Mr. McCleery: You aren’t one of those agitators, are you?
Mr. McCleery: I hate ’em. I won’t stand for it.
We here at NotMakingThisUp only write book reviews when we like the book. (If we don’t like it, we don’t write anything at all, because it’s hard—really hard—to write a book, so just the fact that someone has written a book ought to be respected, not criticized.) Journalist Dan Lyons has not only written a book, but it’s good—and not just “good,” but laugh-out-loud good.
The subject matter, however, is not always laugh-out-loud funny.
It’s about Lyons’ time at HubSpot, the “cloud-based marketing and sales software platform company” he worked for at roughly the peak of the Web 2.0 cycle (Lyons would probably describe it as a “spam-based marketing and sales software platform company,” but we’ll go with the official terminology), and while you may be more familiar with the frat-boy excerpts that have already made made plenty of headlines, they’re nothing anybody who was around during the last bubble hasn’t heard about before and don’t need repeating here.
Way more interesting is Lyons’ take on what it’s like to be a 50+ year old Boomer working at a hotshot Millennial company—or “cult,” as he sees it.
Lyons listens to conference calls with the company’s ‘social media scientist,’ “a competitive weightlifter who lives in Las Vegas and basically does nothing”; he spends too much time in meetings, which, “like most journalists—and, I would argue, most sane people” he detests; and he gets so fed up with the bubbly self-reinforcing “Happy!! Awesome!! Start-Up Cult” culture that he begins sending around emails like “Jan is the best!!! Her can-do attitude and big smile cheer me up every morning!!!!!!!” about the “grumpy woman who runs the blog,” until he is told to “cut that s--- out.”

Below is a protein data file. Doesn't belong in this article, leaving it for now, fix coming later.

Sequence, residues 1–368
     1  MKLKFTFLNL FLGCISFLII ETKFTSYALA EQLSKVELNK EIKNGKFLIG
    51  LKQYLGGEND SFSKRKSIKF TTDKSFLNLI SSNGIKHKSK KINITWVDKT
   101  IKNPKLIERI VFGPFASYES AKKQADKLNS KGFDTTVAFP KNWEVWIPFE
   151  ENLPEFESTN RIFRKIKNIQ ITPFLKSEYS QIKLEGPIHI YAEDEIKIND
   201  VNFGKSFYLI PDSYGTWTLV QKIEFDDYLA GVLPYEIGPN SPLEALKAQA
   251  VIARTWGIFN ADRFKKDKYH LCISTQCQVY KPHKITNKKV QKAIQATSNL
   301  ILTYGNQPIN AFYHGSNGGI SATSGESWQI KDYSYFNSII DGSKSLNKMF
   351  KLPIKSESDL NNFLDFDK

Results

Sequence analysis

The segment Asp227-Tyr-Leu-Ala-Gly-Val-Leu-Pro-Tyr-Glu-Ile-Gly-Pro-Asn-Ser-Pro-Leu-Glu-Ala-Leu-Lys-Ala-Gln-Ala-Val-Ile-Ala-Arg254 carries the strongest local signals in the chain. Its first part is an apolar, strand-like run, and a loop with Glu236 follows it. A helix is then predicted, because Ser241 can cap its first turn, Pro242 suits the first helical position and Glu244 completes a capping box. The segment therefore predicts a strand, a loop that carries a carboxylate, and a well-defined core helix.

It’s a riot, and it makes the book swing, but that’s not the important stuff.
The important stuff includes the sheer whiteness of the workforce, which should be no surprise to him but is (did he really report on the technology world most of his career and not notice that before?); not to mention the youngness of the place, which should also be no surprise to him (does he not know how young Mark Zuckerberg still is?)
But the spookiest bit has nothing to do with the age thing, or the “astonishing lack of diversity” (did he think poverty-trapped kids from Harlem are actively recruited by young affluent suburban white kids?), it’s the cultish behavior reinforced from the top, most notably in the way in which employees who’ve been fired are NOT said to have been “fired” or to have “resigned to pursue other interests.”
They are said to have “graduated.”
“Nobody ever talks about the people who graduate,” writes Lyons, “and nobody ever mentions how weird it is to call it ‘graduation.’” Yet “graduations” happen quite a lot, apparently: the best line in the book being “People just go up in smoke, like Spinal Tap drummers.”
Of course, Lyons himself eventually “graduates” after the culture clash starts to get to him (which it actually did on his first day at HubSpot, but he persevered) and he begins to set himself up in ways that make you scratch your head and wonder if he ever actually worked in a corporate environment.
Exhibit A in the did-he-really-not-see-this-coming-a-mile-away setup to his own graduation is when Lyons pitches a new online magazine—an idea his direct boss had already rejected—to his boss’s bosses without his boss knowing Lyons was going over his head.
“They love the idea,” he says of the meeting with HubSpot’s co-founders. “That night I go home feeling like a conquering hero.”